Foods in your kitchen that are hurting the environment, along with sustainable alternatives in Singapore
Carbohydrates or carbon footprint?
In the world today where everyone is so woke, we present a few surprising details of how your pantry at home could potentially affect the environment. Unfortunately, stocking up on metal straws isn't enough for a breakthrough in climate change... if only it was that easy.
Beef & Lamb
While we indulge in a vin-chaud red cut of medium rare steak on a happy occassion, meat is one of the biggest culprits of greenhouse gas emissions from food. And if we are talking numbers, livestock contributes to around 14% of greenhouse gas emissions. To put that into perspective that's the same amount of emissions produced from transportation like cars, buses and planes. This is more so for cows and sheep, which are ruminant animals (read: producing methane that is 25% more potent than carbon dioxide). It is no wonder that beef and lamb are topping the charts for being one of the worst foods that you could drop into your shopping cart.
Alternative: Try the Mediterranean diet, a daily consumption of vegetables, fruits, whole grains and healthy fats with weekly servings of fish, poultry and eggs and limited intake of dairy and meat. Instead of completely restricting your diet to being plant-based (although that has its own pros as well), eliminating up to 90% of your meat intake can cause a great decrease in the amount of carbon emissions that you are contributing to the environment. Doctors recommend a portion size of four ounces of meat, which could cut down the amount of carbon footprint you are contributing by half.
Coming in hot will be dairy products, which makes sense considering that they come from cows. Butter and cheese are the main culprits of this due to the subsequent processes needed to produce and refine them. In fact, three different kinds of cheeses were listed as some of the top foods that contribute to greenhouse gases as well, namely American, mozzarella and other Italian cheeses. Italian cheeses have to be imported which increases its emissions by 50% and also the refrigeration needed plays a part. American cheese is a household staple, which boosts its ranking up due to the sheer volume consumed. And almost everyone is a fan of mozzarella.
Alternative: Making the switch to oat, hemp or even coconut milk.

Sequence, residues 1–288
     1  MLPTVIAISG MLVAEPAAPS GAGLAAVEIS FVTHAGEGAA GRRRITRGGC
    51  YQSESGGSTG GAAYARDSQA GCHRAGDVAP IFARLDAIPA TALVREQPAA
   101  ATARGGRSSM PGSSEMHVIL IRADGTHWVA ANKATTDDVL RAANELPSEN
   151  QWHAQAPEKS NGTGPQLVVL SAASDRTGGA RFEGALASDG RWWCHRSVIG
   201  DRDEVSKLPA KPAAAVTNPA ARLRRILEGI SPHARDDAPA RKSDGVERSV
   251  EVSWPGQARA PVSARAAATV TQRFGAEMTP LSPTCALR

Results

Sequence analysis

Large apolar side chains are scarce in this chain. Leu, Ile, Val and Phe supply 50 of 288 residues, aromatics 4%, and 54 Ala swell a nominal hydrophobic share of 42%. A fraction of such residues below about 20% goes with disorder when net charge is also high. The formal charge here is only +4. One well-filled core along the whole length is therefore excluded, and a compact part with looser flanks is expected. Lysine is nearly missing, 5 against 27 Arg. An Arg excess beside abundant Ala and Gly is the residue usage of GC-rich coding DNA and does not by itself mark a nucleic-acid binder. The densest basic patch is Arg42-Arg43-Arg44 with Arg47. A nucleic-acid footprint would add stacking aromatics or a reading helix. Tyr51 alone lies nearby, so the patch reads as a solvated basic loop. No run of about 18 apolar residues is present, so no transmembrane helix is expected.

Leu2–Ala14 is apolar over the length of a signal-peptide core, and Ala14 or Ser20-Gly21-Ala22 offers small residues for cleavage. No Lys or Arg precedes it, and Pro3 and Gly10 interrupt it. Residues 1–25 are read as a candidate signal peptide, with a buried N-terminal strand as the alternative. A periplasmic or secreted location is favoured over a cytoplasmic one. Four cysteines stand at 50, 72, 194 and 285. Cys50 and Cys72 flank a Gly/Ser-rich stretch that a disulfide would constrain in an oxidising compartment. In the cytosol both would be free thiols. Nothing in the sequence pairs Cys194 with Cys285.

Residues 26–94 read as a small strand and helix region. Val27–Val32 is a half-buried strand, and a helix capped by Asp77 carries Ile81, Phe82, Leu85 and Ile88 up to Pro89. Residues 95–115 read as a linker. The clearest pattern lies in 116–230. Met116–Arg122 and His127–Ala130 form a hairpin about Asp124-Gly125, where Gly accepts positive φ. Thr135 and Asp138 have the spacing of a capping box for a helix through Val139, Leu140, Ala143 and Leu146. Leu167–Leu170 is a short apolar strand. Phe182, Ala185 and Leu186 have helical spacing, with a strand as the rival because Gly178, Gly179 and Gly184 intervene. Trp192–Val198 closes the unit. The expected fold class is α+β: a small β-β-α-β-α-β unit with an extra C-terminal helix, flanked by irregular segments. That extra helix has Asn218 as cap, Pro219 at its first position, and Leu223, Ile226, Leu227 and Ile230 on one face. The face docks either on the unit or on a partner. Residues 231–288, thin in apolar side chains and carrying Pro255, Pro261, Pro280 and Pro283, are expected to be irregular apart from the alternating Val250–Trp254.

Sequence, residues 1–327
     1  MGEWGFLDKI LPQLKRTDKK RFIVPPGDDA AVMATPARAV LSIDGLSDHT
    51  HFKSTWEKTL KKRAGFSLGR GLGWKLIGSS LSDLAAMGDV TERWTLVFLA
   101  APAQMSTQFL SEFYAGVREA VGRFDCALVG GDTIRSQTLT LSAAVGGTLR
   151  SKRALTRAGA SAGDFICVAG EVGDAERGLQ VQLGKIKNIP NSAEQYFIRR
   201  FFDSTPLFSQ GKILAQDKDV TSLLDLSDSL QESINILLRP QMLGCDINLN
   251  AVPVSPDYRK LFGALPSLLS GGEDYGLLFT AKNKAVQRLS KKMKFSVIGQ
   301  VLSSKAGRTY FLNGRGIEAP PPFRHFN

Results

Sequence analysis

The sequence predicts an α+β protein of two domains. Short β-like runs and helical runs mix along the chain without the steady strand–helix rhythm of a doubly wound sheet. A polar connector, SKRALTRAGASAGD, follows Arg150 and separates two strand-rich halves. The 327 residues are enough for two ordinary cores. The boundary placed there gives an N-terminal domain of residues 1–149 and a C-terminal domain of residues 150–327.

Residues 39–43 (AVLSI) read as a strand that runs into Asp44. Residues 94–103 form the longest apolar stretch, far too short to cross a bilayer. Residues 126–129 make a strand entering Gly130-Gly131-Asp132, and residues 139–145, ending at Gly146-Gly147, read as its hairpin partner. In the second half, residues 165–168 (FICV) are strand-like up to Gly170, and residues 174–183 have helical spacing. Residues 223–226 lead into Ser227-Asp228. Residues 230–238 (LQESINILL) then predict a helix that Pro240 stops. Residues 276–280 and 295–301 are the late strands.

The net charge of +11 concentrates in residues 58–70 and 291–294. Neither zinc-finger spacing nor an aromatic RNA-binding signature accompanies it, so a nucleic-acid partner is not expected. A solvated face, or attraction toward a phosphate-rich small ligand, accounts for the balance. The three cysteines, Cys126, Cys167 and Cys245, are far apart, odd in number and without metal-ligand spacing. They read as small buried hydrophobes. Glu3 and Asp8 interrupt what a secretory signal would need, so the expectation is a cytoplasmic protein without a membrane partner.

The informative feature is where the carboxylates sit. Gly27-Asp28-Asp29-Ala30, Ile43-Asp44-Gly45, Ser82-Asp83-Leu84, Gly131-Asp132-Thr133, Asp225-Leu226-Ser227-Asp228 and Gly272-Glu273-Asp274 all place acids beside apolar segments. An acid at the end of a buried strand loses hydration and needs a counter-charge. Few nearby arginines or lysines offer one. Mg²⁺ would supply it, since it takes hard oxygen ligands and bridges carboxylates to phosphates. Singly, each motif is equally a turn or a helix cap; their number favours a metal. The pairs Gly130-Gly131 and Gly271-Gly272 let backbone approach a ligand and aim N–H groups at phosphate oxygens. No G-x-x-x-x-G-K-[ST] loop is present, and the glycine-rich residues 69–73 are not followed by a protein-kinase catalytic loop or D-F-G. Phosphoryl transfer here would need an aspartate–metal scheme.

Grain & Soy
Livestock feed heavily on grain and soy, 75% of the world's soy to be exact. That's before you count how much us humans eat, and specifically Asians due to the all too familiar rice bowl at every meal. And due to the rising demand for meat, so does soy in tandem, making it become the second largest agricultural driver of deforestation. We all know that trees play an integral part in reducing the amount of carbon dioxide in the atmosphere, hence a deforestation comes as a massive blow to the earth.
Alternative: Quinoa, a pseudo-cereal grain that's high in protein and way healthier than white rice.
This next contender may come as a surprise — it certainly did for us. Avos have been marketed by many fitness junkies — on slices of toast and smoothies as a good source of healthy fat, but they are also killing the planet. Avocados are grown as single crops, meaning that an avocado tree grows on the same land no matter how long it has been planted there. This leaves its soil vulnerable to diseases due to the vast depletion of its natural minerals and nutrients, which then increases the need for the use of pesticides. By doing so, it contaminates the soil further and could affect the surrounding biodiversity if it gets dragged by water or rain. Farmers have also been taking drastic measures to meet the demand of avocadoes by planting young avocado trees beneath forest canopies, subsequently deforesting the surrounding shrubs and older trees to let more sunlight reach the avocado plants.
Alternative: Look for fair trade labels on avocados or any vegetable or fruit for that matter, as it certifies that farmers are working in ethical conditions and are getting wages that are fair and better than most in their industry. You can also opt for broccoli and cabbage for Vitamin K, sunflower seeds for Vitamin E, and kidney beans and lentils for folate and Vitamin B9.
Seeds and nuts have been known to be good for your overall health and are guilt-free snacks when you feel those mid-day hunger pangs. Almonds, albeit one of the most popular nuts, have recently been making headlines for the wrong reasons. 82% of the world's almonds are grown in California, which have been experiencing drought for years. One single almond would set a farmer back around four litres of water and in 2014 alone, California reaped over 952 million kilograms of these nuts. You can do the math. This nut takes up around 10% of the region's agricultural water supply, and though the drought killed 62 million trees in 2016, that has not stopped the demand and supply of the almond trade, worsening the drought. To combat this, farmers have been dropping wells and drawing down the state's aquifers faster they can be naturally replenished. Honeybees are becoming a part of this equation as they are needed to pollinate the crop. 60% of the nation's bees (1.6 million to be exact) are deployed for this task alone. Yet in recent years, they have been dying due to the poisonous cocktail of fungicides that are used on the almond crops, to the extent of killing off whole hives.
Alternative: Cashews or pistachios